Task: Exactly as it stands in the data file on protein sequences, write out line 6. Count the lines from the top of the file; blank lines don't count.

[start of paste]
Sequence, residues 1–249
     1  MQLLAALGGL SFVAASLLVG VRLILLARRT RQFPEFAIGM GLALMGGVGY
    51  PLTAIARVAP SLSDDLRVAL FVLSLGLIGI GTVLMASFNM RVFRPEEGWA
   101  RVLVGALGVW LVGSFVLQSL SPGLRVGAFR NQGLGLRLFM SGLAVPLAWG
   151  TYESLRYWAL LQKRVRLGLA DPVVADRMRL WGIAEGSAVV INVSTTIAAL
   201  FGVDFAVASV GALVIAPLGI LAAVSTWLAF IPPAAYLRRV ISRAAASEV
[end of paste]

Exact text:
   201  FGVDFAVASV GALVIAPLGI LAAVSTWLAF IPPAAYLRRV ISRAAASEV